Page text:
‘Blood of Tyrants’ author reflects on moral constants
Milford resident Logan Beirne has been busy the past few months talking to scholars and the media about his first book, Blood of Tyrants: George Washington, the Forging of the Presidency.
He’s been on C-Span twice and Fox News three times, and he’s talked to the Huffington Post and others.
Since the book launched in April, published by Encounter Books in New York, Beirne has done book tours in Paris, Texas and California.
The youngest son of former Board of Alderman Chairman Thomas Beirne and wife Sheila, Beirne is an Olin Scholar at Yale Law School, spending his time pursuing scholarly research.
Prior to this appointment, he was an attorney with the law firm of Sullivan & Cromwell in New York City and was a Fulbright Scholar at Queen’s University.
He received his law degree from Yale Law School, and locally, he is a graduate of Calf Pen Meadow Elementary School, East Shore Middle School and Foran High School.
Beirne said his family sparked his interest in history at a very young age, sending him on the course he’s pursuing now, which is one of academic study and writing.
His family is descended from Revolutionary War patriots, and his family tree includes the “Father of the Constitution,” James Madison.
Beirne jokes that he wonders if his father, who loves Revolutionary War history and created Revolutionary War-era re-enactments along Milford’s shores, knew that his mother was related to James Madison when they first met and fell in love.
Thomas Beirne says he didn’t know right away, but the historical intestests on both sides made for a patriotic and history-themed household.
Growing up in Milford, Beirne accompanied his parents to war and history re-enactments, and he was a member of the Sons of the American Revolution.
So the book, in many ways, was a natural.
Blood of Tyrants started as Beirne’s thesis at Yale Law School, a task that sent him to archives to read letters written to and from the nation’s founding fathers.
The paper earned the prestigious best paper award at Yale, and therefore garnered sufficient attention. It wasn’t long after receiving the award that Beirne was summoned to the office of Amy Chua, whose parenting memoir Battle Hymn of the Tiger Mother sparked discussion and debate a couple of years ago.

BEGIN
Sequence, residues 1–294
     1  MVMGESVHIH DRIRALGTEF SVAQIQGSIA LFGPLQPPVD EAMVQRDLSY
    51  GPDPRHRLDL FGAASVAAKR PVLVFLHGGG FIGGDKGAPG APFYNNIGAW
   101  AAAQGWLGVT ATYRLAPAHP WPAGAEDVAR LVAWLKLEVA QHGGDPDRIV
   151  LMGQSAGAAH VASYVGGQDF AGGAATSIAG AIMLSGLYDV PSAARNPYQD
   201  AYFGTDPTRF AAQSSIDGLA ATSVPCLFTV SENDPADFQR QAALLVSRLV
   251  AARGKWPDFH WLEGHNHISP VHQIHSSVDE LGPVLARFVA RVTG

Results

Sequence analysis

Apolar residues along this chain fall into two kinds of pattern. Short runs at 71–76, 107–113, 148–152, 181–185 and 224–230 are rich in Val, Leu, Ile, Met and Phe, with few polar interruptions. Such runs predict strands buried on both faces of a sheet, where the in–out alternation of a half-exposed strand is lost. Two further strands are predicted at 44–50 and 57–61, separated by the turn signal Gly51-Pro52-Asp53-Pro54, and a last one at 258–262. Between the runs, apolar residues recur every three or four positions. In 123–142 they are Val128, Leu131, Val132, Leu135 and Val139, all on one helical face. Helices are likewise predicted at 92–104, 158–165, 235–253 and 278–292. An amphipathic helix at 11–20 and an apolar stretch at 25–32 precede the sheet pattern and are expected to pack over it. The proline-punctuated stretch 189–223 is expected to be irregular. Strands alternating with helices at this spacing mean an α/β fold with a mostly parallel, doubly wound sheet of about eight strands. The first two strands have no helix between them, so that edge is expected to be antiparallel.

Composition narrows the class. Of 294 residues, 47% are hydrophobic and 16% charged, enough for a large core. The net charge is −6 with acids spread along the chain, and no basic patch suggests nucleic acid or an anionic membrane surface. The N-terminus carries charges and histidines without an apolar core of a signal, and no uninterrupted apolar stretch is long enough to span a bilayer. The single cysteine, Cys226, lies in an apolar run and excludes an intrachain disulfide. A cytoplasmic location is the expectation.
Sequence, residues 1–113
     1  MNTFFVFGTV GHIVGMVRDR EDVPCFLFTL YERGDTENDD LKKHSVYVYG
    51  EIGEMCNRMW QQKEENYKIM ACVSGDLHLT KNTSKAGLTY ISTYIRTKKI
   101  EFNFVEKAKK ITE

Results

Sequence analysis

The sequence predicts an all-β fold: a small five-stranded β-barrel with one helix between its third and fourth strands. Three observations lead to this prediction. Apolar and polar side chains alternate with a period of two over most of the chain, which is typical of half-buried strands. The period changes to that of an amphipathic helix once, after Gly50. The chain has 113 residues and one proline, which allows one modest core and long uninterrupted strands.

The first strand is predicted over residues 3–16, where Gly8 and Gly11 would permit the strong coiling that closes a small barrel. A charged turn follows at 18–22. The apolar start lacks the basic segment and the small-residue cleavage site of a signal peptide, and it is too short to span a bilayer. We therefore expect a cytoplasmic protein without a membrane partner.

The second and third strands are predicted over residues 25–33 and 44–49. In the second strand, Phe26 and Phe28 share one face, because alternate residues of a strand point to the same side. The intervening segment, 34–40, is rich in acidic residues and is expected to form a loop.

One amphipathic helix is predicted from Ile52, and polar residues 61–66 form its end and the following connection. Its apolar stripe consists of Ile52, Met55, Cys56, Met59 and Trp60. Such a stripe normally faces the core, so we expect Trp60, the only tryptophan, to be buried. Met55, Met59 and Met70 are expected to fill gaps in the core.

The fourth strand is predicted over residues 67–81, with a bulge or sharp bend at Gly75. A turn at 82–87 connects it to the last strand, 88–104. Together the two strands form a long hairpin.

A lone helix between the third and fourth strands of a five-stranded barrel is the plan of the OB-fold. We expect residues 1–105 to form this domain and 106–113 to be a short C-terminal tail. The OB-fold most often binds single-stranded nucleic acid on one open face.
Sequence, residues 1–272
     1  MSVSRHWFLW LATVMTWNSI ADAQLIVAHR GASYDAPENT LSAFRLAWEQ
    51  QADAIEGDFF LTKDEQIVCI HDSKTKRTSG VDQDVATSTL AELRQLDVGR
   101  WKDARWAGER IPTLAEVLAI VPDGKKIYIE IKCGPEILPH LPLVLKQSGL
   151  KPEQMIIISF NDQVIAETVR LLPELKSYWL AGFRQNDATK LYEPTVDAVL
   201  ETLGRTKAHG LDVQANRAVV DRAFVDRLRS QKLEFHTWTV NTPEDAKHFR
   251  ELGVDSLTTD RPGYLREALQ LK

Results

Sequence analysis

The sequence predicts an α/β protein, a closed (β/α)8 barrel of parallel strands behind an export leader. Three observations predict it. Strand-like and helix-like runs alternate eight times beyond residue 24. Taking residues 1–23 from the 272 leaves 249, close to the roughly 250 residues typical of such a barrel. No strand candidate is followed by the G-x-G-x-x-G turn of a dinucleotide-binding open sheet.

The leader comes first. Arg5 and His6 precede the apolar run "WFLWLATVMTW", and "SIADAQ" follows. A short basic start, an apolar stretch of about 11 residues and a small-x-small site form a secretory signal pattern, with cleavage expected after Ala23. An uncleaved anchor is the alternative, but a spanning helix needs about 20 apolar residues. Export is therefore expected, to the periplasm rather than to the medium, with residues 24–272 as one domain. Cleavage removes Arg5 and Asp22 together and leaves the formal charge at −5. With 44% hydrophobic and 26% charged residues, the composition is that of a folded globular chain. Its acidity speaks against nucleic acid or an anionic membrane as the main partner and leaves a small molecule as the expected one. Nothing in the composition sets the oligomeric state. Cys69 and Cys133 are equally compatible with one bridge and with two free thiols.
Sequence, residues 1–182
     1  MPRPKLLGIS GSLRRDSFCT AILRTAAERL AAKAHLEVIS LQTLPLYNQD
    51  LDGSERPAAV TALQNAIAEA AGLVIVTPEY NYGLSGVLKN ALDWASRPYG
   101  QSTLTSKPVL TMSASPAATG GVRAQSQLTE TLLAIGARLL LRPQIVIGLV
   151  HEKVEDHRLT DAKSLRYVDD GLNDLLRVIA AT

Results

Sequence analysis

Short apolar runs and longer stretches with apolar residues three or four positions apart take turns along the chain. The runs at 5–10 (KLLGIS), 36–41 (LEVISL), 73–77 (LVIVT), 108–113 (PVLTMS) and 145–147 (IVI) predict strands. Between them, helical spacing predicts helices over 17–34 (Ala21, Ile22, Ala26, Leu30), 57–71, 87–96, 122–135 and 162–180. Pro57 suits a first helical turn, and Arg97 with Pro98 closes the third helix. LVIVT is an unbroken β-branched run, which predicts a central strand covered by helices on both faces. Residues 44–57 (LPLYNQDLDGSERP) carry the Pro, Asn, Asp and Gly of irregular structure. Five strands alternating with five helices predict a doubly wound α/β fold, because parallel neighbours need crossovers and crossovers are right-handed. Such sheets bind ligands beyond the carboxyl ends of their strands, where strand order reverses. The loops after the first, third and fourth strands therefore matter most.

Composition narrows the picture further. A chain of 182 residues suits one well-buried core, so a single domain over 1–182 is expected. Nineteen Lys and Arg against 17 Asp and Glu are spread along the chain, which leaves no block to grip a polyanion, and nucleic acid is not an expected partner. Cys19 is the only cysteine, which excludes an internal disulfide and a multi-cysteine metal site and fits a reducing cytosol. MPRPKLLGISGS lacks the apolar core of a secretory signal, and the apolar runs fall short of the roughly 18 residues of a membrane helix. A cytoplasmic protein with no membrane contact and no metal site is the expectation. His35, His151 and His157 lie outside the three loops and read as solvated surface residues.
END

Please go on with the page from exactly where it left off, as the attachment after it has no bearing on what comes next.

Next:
Beirne was a little nervous: He thought his paper had landed him in trouble.
“But no, she said she thought it should be a book,” Beirne said.
He was skeptical initially, noting that his expertise lies in the areas of math and finance, not writing. Or so he thought. Reviews and praise for the book suggest that Beirne is a natural storyteller, able to turn some might-be-dry historical information into a good read.
“Blood of Tyrants reveals the surprising details of our founding father’s leadership and his history’s impact on today,” according to a book summary. “Diving into forgotten — and often lurid — facts of the Revolutionary War, Logan Beirne focuses on the nation’s first commander in chief, George Washington, as he shaped the very meaning of the United States Constitution in the heat of battle.”
A book summary notes that Beirne finds evidence in previously unexplored documents, such as General Washington’s letters debating the use of torture, and eyewitness accounts of the military tribunal that executed a British prisoner, and communications that point to a power struggle between Washington and the Continental Congress.
In a Washington Times book review, Michael Taube elaborates on Beirne’s gift at personalizing history.
Taube writes, “In Logan Beirne’s new book, Blood of Tyrants: George Washington and the Forging of the Presidency, the important political lessons of the past are given a fresh new perspective... Mr. Beirne’s genealogical and personal interest in history, politics and the military makes for an enjoyable read.”
While the writing may have seemed at first outside Beirne’s comfort level, the research and fact assimilation wasn’t. The new author said he was fascinated with what he was finding as he researched his book.
“I was impressed with how foresighted they were then,” Beirne said. “They documented everything they did so they could show what went into their decision making.”
And more to the point, Beirne said it is eye opening to explore the moral issues that plagued leaders then and now.
Today’s drone attacks may seem a bit far reaching when looking for comparisons to the 1700s, but Beirne said it’s the same then as it is now — the question isn’t about how we are killing but who we are killing.
And then there’s the National Security Agency (NSA) surveillance program, which Beirne said also has elements that harken back to the days of the nation’s founding fathers.
Back then, government agents opened letters to gather intelligence. That, Beirne said, is similar to the NSA and CIA information gathering. A key difference lies in the transparency of the programs, Beirne said, adding that in George Washington’s era, these operations were done with public knowledge in an open and transparent manner.
“Today, there is very little transparency,” Beirne said.
And according to Beirne, George Washington “would despise Edward Snowden,” the whistleblower who leaked information about the NSA surveillance program. Beirne said Washington would look at Snowden as another Benedict Arnold.
The biggest history lesson Blood of Tyrants teaches, according to the author, is that “the more things change the more they stay the same.”
“Because the moral issues are the same, we can look back in history for lessons,” Beirne said.